Types of Pool Salt

3 Common Types of Pool Salt to Use

Saltwater swimming pools have become very popular nowadays because of their amazing health benefits. However, their prevalence has led to numerous questions, some of which even swimming pool companies are unable to answer because there’s still very little information about saltwater pools. One of the most common concerns about saltwater pools is the various types of pool salt to use.

If you’re having the same concern, this article offers you the 3 most common types of pool salt that you can use in your swimming pool.

What Is Pool Salt?

Pool Salt

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Pool salt is a natural disinfecting agent added to swimming pools to keep them clean and prevent bacteria and algae from flourishing. Previously, most swimming pools – in-ground and above-ground – used chlorine as their main sterilizer. But unlike chlorine, salt is standard NaCI, sodium chloride.

This means that pool salt is just the normal table salt in a different form. While table salt comes in tiny, smoothly ground pieces, pool salt’s cuts are larger in size and rougher. Pool salt is made up of two main chemical elements: sodium and chlorine.

When the salt is added to the swimming pool, it’s broken down into chlorine and sodium ions and finally dissolves in water. As the chemical reaction continues, the pool water converts the free chlorine ions into hypochlorus acid, which has much less stench than the traditional chlorine tablets. Moreover, chlorine tablets are known to cause skin and eye irritation, but pool salt doesn’t.

Since chlorine contains chloramines, they’re likely to cause skin irritation, especially if your skin is already sensitive. This doesn’t happen with pool salt because its main components are free chlorine and sodium ions, which don’t have chloramines. Another reason why pool salt has become so popular is that it contains an essential component known as cyanuric acid.

Chlorine ions and hypochlorus acid are easily degraded by UV light but cyanuric acid in pool salt thwarts this degradation. This acid is also part of the steady chlorine in granulated chlorine and chlorine tablets. Cyanuric acid must be added physically to saltwater pools.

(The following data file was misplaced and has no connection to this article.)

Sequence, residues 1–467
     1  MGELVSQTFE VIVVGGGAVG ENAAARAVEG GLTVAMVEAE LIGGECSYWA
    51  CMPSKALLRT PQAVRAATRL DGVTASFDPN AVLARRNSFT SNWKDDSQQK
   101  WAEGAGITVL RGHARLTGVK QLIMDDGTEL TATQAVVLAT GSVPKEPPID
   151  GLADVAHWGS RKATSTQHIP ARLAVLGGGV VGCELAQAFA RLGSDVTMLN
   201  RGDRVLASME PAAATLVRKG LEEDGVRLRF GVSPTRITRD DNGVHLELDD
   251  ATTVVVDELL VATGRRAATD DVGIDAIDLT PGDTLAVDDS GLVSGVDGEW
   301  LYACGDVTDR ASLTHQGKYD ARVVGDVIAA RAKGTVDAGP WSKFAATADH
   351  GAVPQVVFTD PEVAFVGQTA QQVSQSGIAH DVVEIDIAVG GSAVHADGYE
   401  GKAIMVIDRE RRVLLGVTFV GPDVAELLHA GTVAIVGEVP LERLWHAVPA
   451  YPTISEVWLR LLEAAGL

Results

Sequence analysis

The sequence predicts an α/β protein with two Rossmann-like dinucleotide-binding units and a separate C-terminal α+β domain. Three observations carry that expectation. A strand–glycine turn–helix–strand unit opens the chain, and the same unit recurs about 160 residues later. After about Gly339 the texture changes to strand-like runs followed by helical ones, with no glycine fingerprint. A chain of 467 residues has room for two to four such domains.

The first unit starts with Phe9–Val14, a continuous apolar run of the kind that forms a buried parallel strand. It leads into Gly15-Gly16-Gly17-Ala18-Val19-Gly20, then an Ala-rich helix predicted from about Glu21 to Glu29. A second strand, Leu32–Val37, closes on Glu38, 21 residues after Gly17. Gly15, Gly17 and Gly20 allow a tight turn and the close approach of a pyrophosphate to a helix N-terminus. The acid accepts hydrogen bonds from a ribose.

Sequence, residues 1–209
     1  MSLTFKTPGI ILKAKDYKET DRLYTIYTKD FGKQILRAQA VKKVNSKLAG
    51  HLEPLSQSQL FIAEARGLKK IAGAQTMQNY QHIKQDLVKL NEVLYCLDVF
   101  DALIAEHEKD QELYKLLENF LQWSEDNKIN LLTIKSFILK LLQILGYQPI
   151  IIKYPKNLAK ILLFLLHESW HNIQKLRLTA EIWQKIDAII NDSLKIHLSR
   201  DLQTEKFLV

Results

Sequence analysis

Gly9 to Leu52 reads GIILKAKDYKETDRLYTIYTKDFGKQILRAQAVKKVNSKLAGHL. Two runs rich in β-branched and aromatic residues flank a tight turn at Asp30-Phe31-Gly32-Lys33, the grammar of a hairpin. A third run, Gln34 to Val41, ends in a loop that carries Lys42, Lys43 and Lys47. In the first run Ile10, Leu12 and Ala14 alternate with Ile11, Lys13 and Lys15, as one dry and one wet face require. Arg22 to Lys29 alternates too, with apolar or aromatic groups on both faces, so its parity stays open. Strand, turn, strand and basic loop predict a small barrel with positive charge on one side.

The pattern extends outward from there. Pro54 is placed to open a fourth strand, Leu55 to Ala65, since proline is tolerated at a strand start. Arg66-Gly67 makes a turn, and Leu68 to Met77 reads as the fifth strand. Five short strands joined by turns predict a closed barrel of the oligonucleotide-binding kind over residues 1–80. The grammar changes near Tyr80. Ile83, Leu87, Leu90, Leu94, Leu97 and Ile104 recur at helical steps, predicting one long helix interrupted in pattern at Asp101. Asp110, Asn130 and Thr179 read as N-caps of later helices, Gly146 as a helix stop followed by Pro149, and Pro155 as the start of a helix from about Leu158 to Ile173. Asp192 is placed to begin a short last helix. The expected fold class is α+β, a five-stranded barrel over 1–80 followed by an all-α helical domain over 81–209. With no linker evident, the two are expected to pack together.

Converting your chlorine pool into a saltwater pool is quite expensive, but after this expenditure, the cost of maintaining it goes down significantly. One of the main concerns about saltwater pools is the fear that the salt will damage pool filters and other fittings. But pool construction companies have discovered new technologies to prevent these damages. Therefore, the cost of maintaining your saltwater pool will remain friendly.

3 Common Types of Pool Salt to Use in Your Swimming Pool


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While there are many types of pool salt on the market today, only three types are highly recommended for swimming pools. These types include solar pool salt, mechanically evaporated salt, and mined salt. You need to choose the right salt for your swimming pool to avoid future disappointments.

The type of salt you choose for your swimming pool will determine how costly its maintenance will be. It will also determine the effectiveness of your pool in maintaining perfect water chemistry as well as the lifespan of your pool’s salt generator. It also determines whether your pool and its accessories will suffer damage, including stains.

Highly purified pool salt will give you less trouble while the one with too many impurities will spell serious trouble for your swimming pool and salt cell.

1. Solar Pool Salt

Solar pool salt is seawater that has been diverted to a holding area where the water is evaporated by the sun, leaving sea salt. The seawater contains brine shrimp and bacteria that survive on the salt present. But as the water evaporates, the salt level increases, killing the bacteria and brine shrimp.